Computational Fluid Dynamics Modeling in Building Design: New Project in Dubai

We are happy that Alpin Limited, Masdar City, Abu Dhabi, used ENVI-met for one of their most important projects in Dubai. Alpin Limited is a professional architectural design consulting company, founded in San Francisco in 2007, and now headquartered in Abu Dhabi, the capital of the United Arab Emirates, with branches in Dubai and Vietnam. Since its establishment, the company has worked as a design consultant for a series of international projects with remarkable achievements, including Doha Metro in Qatar, Riyadh airport expansion in Saudi Arabia, Abu Dhabi Airport midfield terminal, infopark building in Hungary, and Akamai Technologies building in Silicon Valley in the United States.

They published on LinkedIn the following article:

One of our recent projects includes the Al Kifaf Towers project, one of the most prestigious projects in Dubai. The built area is all in all 734,708 square meters and included the construction of hotels, a shopping center, food and beverage outlets, theaters and other amenities, as well as 40 to 50-storey office and residential towers. During this project, we used Computational Fluid Dynamics (CFD) modeling, a technique that has developed a lot over the past few years. Want to know how? Here’s what you need to know: alpinlimited sustainability constructioninnovation greenbuilding cfd buildingdesign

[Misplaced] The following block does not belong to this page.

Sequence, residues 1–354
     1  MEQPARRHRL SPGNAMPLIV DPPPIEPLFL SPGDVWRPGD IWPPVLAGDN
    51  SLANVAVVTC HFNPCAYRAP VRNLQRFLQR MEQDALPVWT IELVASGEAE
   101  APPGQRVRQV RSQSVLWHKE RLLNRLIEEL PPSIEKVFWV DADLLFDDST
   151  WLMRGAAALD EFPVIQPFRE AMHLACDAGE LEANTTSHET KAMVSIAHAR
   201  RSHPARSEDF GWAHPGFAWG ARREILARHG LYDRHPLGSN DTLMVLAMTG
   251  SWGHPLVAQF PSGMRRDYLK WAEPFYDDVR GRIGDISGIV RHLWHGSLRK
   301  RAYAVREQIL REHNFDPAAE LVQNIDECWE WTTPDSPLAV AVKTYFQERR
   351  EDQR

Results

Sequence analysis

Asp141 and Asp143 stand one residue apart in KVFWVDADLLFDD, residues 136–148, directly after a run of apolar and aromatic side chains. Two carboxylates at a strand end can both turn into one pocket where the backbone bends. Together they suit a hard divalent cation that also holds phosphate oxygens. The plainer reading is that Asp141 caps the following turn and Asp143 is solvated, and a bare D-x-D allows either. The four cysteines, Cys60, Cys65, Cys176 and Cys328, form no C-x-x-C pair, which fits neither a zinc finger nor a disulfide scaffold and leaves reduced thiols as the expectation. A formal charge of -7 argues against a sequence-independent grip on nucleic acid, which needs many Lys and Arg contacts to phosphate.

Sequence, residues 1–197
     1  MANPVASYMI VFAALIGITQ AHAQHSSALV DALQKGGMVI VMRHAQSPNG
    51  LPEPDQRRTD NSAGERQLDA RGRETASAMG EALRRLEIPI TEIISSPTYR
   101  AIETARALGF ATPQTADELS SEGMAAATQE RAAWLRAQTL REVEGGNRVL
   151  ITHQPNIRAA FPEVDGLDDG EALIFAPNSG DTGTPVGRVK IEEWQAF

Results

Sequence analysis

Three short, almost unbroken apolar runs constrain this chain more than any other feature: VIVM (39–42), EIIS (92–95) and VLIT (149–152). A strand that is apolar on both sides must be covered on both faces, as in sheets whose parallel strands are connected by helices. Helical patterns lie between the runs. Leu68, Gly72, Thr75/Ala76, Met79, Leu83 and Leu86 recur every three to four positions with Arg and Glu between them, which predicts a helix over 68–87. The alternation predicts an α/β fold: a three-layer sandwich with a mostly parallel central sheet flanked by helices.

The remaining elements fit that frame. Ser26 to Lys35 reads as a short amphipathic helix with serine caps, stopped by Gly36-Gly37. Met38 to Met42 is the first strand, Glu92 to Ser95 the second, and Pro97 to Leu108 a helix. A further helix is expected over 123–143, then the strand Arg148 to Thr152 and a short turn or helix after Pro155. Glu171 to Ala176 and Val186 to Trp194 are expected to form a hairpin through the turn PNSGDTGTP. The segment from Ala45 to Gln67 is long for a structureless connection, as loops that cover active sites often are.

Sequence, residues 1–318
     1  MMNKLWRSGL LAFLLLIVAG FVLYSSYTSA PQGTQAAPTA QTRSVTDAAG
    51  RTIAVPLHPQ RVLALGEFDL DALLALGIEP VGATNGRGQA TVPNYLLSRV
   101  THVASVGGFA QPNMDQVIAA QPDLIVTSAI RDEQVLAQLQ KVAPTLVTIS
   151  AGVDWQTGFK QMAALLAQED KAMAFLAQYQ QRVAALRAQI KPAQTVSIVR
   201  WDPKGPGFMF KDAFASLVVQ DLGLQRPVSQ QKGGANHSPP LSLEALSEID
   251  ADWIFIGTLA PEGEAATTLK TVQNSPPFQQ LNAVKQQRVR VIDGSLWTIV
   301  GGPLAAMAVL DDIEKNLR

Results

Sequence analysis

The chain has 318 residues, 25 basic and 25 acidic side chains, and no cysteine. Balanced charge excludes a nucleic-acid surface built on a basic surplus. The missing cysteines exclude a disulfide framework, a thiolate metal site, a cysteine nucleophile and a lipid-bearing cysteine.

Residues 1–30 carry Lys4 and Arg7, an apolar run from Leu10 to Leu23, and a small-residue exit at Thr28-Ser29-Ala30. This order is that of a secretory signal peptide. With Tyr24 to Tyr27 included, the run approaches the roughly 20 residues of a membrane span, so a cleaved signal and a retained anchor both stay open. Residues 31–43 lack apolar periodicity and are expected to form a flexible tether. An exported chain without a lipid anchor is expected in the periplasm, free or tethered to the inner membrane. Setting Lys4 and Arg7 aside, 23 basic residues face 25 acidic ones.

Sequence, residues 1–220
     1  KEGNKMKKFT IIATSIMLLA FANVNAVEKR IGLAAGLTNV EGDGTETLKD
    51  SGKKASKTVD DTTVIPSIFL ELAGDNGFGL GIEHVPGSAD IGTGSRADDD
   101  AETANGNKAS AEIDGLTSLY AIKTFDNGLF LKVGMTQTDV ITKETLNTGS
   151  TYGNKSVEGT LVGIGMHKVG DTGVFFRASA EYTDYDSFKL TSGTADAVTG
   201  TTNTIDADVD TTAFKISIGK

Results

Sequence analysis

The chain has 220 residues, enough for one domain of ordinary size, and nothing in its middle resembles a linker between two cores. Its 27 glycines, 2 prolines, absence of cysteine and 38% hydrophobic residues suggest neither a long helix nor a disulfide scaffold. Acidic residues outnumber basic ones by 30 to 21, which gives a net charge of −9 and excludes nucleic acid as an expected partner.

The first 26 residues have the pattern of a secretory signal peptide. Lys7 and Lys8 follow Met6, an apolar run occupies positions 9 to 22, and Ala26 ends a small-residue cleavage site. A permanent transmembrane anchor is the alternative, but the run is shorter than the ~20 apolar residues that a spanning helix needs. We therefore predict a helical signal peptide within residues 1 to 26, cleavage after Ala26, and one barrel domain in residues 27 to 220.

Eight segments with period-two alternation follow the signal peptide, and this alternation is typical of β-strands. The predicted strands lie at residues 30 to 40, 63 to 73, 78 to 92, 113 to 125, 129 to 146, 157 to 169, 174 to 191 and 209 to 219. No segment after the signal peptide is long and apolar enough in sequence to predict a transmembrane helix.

Aswell they published a longer piece on their homepage on December 1, 2019 by Camilla Hallstrom from Alpin Limited:, where she describes the work performed using the microclimate software model ENVI-met:

We have been using Envi-Met to conduct microclimate assessments for outdoor thermal comfort and analyzing how space can be made more conducive to occupants’ comfort requirements, especially for a climate like that in the United Arab Emirates. The software is capable of accurately simulating the outdoor microclimate. This allows us to simulate the building within a dynamic environment, and dive into several aspects of the microclimate to analyze how the designs and buildings will perform and what levels of occupant comfort are achieved in that scenario.”